Newcastle United LGBTQ+ fan group has left the Pride in Football network after receiving backlash for supporting the recent Saudi buyout.

Back in October, the English Premier League football club was sold to a group led by Saudi Arabia’s sovereign wealth fund.

The takeover was met with mixed reactions from fans with some pointing out the country’s controversial history regarding human rights.

At the time of the buyout, the United with Pride group released a statement that said the change of ownership could have a “positive influence to improving the conditions for the LGBTQ+ community in Saudi Arabia.”

Shortly after announcing their support, the group faced immense backlash from activists which resulted in them exiting the Pride in Football network.

United with Pride’s departure was confirmed by the network in a statement earlier this week.

“LGBT+ fans groups have faced increasing media attention since the takeover of Newcastle United given the questions raised around human rights.” the statement said.

“As we stated at the time, we have serious questions around the governance of the game and suitability of the tests for club owners and directors.

“It is also worth noting for those unfamiliar with our groups that, primarily, we are volunteers and we work on inclusion within the sport because we love football. No football fan should be excluded because of their gender identity or sexual orientation.

“Our work in this area will continue, and we shall continue to raise the case of human rights — whether in relation to the Saudi Arabian takeover of Newcastle United or the hosting of the World Cup 2022 in Qatar or issues around inclusion on the terraces in the UK.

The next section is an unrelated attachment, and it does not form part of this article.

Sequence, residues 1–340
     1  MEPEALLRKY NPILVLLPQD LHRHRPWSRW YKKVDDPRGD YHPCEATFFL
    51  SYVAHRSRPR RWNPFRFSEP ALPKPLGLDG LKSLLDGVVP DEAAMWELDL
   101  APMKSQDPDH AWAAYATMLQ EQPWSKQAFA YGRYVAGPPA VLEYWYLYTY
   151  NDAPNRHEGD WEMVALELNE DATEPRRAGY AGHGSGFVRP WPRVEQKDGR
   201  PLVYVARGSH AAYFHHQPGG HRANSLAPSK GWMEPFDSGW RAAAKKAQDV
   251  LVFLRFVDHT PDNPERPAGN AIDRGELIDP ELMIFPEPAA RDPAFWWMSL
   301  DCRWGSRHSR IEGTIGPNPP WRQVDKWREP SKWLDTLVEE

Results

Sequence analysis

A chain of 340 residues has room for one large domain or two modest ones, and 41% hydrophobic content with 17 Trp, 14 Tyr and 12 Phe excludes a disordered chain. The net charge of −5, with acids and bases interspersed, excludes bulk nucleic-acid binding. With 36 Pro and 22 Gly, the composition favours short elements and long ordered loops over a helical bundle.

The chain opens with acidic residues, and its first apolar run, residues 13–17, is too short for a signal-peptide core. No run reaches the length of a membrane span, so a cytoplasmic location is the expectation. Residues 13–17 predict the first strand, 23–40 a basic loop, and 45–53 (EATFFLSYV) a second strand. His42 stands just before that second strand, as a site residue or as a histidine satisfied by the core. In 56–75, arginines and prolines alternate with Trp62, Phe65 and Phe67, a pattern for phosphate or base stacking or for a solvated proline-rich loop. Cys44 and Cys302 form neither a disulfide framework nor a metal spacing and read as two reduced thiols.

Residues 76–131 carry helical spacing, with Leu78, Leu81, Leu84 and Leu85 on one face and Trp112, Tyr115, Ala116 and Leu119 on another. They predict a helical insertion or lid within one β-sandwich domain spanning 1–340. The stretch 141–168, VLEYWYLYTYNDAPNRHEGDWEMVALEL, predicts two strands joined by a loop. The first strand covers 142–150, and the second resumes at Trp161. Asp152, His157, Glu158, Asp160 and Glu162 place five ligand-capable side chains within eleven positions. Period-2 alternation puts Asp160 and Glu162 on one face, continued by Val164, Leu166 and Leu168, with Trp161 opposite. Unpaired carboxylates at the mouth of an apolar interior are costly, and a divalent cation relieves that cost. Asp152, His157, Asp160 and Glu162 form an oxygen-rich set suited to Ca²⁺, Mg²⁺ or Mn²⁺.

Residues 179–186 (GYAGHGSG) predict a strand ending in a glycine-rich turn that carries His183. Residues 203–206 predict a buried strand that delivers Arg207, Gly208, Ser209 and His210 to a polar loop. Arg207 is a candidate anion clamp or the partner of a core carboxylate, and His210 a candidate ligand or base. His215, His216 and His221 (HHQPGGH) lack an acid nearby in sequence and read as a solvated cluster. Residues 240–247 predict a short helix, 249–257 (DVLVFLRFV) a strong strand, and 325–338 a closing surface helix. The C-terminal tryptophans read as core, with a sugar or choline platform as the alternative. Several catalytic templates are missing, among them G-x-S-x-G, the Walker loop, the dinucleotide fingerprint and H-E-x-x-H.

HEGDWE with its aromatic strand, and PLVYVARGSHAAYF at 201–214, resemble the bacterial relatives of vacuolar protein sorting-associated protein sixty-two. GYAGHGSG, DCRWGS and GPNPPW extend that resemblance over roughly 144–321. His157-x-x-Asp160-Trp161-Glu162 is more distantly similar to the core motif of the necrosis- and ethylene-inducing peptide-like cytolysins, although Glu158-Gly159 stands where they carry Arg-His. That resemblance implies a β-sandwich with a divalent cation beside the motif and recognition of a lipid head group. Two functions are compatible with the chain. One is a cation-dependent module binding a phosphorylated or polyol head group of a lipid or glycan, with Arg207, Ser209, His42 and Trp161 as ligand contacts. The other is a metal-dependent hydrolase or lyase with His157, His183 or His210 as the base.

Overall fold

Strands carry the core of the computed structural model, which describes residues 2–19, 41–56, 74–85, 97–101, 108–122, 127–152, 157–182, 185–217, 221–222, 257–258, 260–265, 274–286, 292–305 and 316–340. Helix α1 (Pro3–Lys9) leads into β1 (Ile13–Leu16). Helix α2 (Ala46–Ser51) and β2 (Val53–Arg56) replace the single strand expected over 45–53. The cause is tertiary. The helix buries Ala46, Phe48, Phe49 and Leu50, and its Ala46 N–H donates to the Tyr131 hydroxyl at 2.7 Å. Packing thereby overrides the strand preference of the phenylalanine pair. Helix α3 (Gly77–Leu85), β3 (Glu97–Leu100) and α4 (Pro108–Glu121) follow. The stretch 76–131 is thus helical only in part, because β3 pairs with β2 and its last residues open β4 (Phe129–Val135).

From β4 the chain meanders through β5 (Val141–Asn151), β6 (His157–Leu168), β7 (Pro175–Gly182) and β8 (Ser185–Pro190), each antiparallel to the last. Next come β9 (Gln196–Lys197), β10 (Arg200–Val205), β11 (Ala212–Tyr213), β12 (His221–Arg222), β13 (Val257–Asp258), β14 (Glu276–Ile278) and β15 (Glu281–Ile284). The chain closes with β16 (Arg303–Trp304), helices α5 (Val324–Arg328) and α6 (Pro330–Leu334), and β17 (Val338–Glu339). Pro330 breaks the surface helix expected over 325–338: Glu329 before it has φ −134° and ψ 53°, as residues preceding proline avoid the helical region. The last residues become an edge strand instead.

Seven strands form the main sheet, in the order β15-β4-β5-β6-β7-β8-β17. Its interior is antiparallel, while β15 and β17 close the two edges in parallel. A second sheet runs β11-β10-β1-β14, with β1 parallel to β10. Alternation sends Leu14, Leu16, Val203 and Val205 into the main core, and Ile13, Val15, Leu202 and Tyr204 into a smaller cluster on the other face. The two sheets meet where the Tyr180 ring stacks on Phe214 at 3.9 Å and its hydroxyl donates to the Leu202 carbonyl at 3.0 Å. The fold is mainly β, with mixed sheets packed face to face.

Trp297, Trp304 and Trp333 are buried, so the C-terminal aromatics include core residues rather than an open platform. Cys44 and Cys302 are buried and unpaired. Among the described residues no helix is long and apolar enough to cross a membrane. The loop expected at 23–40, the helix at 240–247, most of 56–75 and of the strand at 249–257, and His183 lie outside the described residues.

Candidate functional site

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“Whilst any member leaving Pride in Football is a sad moment, we would like to reiterate our commitment to campaign for LGBT+ inclusion, visibility and acceptance in sport and society.”

Ian Pearson-Brown, who is the co-chair of United with Pride, also opened up about the situation in a statement to the BBC.

“We all knew there was going to be a lot of spotlight and interest on our views from a human rights perspective,” he said.

“But the narrative has been hijacked by some people who believe that we, as football fans, should be doing something about the human rights issues in Saudi Arabia because our owner is from that country and has taken a role in running it.”

Pearson-Brown went on to say that even though they are no longer part of the LGBTQ+ network, that doesn’t mean that they will be a “puppet” for the team moving forward.

“We can’t do anything at present about conditions in Saudi Arabia. If we get the chance to do that further down the line with our relationship with Newcastle United, then we will absolutely do it,” he said.

“And if we get a sense for a second that we’re being used as a puppet by some regime, then you’ll find we’ll be releasing a different statement – and you may well see us protesting outside of the stadium.

“But until that happens, we’re not going to jump the gun and burn all our bridges. That doesn’t mean our members are not empathetic with the people of Saudi Arabia. It just means they want us to take a pragmatic approach.”

Homosexuality is still criminalised in Saudi Arabia with penalties ranging from fines, floggings, life in prison, death and torture.